Somalian pirates seized two more ships and reportedly fired on another vessel on Tuesday in the dangerous waters off the Horn of Africa, bringing the total of ships seized to four in the last two days.
The pirates' actions are seen as a brazen response to recent U.S. and French military rescue operations that killed five of their colleagues.
NATO spokeswoman Shona Lowe said the Lebanese-owned MV Sea Horse was attacked Tuesday off Somalia's coast by pirates in three or four speedboats. She had no further details.
Meanwhile, Reuters quoted another NATO official as saying 10 pirates on board three skiffs fired automatic rifles and rocket-propelled grenades at the Liberian-flagged 21,887-tonne Safmarine Asia.
There was no immediate word of any casualties in either incident.
Earlier Tuesday, the Greek-managed bulk carrier MV Irene E.M. was sailing in the Gulf of Aden from the Middle East to South Asia when it was raided, said Noel Choong, who heads the International Maritime Bureau's piracy reporting centre in Kuala Lumpur.
A Canadian warship in the region, HMCS Winnipeg, sent a helicopter to monitor the situation after receiving a distress signal from the vessel, a NATO spokesperson said.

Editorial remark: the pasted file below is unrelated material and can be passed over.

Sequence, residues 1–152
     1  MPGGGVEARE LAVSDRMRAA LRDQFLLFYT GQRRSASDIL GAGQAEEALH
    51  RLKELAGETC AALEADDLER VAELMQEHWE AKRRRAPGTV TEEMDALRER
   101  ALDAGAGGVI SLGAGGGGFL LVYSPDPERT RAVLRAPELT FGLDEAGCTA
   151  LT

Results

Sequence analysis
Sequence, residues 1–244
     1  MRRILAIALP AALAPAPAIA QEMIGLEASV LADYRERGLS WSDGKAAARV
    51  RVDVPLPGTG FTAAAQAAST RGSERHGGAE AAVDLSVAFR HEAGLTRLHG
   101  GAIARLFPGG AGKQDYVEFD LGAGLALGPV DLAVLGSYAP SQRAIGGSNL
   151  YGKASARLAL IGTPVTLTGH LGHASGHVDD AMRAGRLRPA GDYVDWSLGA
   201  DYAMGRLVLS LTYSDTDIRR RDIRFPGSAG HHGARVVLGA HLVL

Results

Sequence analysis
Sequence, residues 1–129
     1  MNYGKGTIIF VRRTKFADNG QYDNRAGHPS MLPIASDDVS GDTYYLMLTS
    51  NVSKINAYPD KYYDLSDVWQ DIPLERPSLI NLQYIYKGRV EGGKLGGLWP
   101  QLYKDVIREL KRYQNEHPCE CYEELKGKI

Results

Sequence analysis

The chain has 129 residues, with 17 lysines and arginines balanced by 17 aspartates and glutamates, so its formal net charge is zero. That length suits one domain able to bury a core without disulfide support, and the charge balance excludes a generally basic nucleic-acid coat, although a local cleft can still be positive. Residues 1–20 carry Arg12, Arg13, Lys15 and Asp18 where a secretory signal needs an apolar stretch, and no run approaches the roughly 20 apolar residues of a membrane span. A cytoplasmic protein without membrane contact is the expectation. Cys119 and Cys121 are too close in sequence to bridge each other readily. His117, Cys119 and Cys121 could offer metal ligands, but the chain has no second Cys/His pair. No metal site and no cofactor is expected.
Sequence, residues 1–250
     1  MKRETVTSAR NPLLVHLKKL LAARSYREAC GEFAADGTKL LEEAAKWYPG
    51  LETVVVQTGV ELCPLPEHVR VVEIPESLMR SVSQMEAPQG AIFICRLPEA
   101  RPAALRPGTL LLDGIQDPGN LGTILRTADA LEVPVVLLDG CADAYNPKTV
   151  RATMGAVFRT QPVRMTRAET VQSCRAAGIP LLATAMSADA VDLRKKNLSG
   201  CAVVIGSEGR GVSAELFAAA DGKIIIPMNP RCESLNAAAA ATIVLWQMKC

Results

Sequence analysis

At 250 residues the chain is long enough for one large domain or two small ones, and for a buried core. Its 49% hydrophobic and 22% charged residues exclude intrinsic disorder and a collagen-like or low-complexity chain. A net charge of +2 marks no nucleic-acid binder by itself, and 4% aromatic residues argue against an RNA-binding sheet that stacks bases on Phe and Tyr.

By the time the helicopter arrived on the scene, the MV Irene E.M. was already in control of the pirates, the spokesman said.
The vessel reportedly has as many as 23 crew, whose condition was unknown.
The latest seizure came a day after Egypt's Foreign Ministry said Somalian pirates took control of two Egyptian fishing boats with as many as 24 people on board.
Piracy a 'crisis': rescued crew member
While piracy has been a scourge for years on vessels using shipping lanes off the Somalian coast, the pirates vowed this week to exact their revenge on U.S. and French ships in the dangerous waters after the rescue operations.
On Sunday, U.S. navy SEAL snipers rescued American ship Capt. Richard Phillips on Sunday by killing three young pirates who had been holding him captive in a drifting lifeboat. A fourth pirate surrendered to a U.S. naval vessel tailing the lifeboat before the dramatic rescue.
Phillips's vessel, the Maersk Alabama, was taken by the pirates five days earlier after he surrendered himself in exchange for the safety of his 19-member crew.
As Phillips's crew celebrated his freedom on Tuesday, the vessel's chief mate urged strong U.S. action against piracy.
"It's time for us to step in and put an end to this crisis," Shane Murphy said. "It's a crisis. Wake up."
The freed captain and crew were due to be reunited with their families and loved ones in the United States on Wednesday, Maersk said.
In a separate rescue last week, French commandos stormed a yacht to free two French couples and a three-year-old child, killing two of their Somalian captors and one of the adult hostages.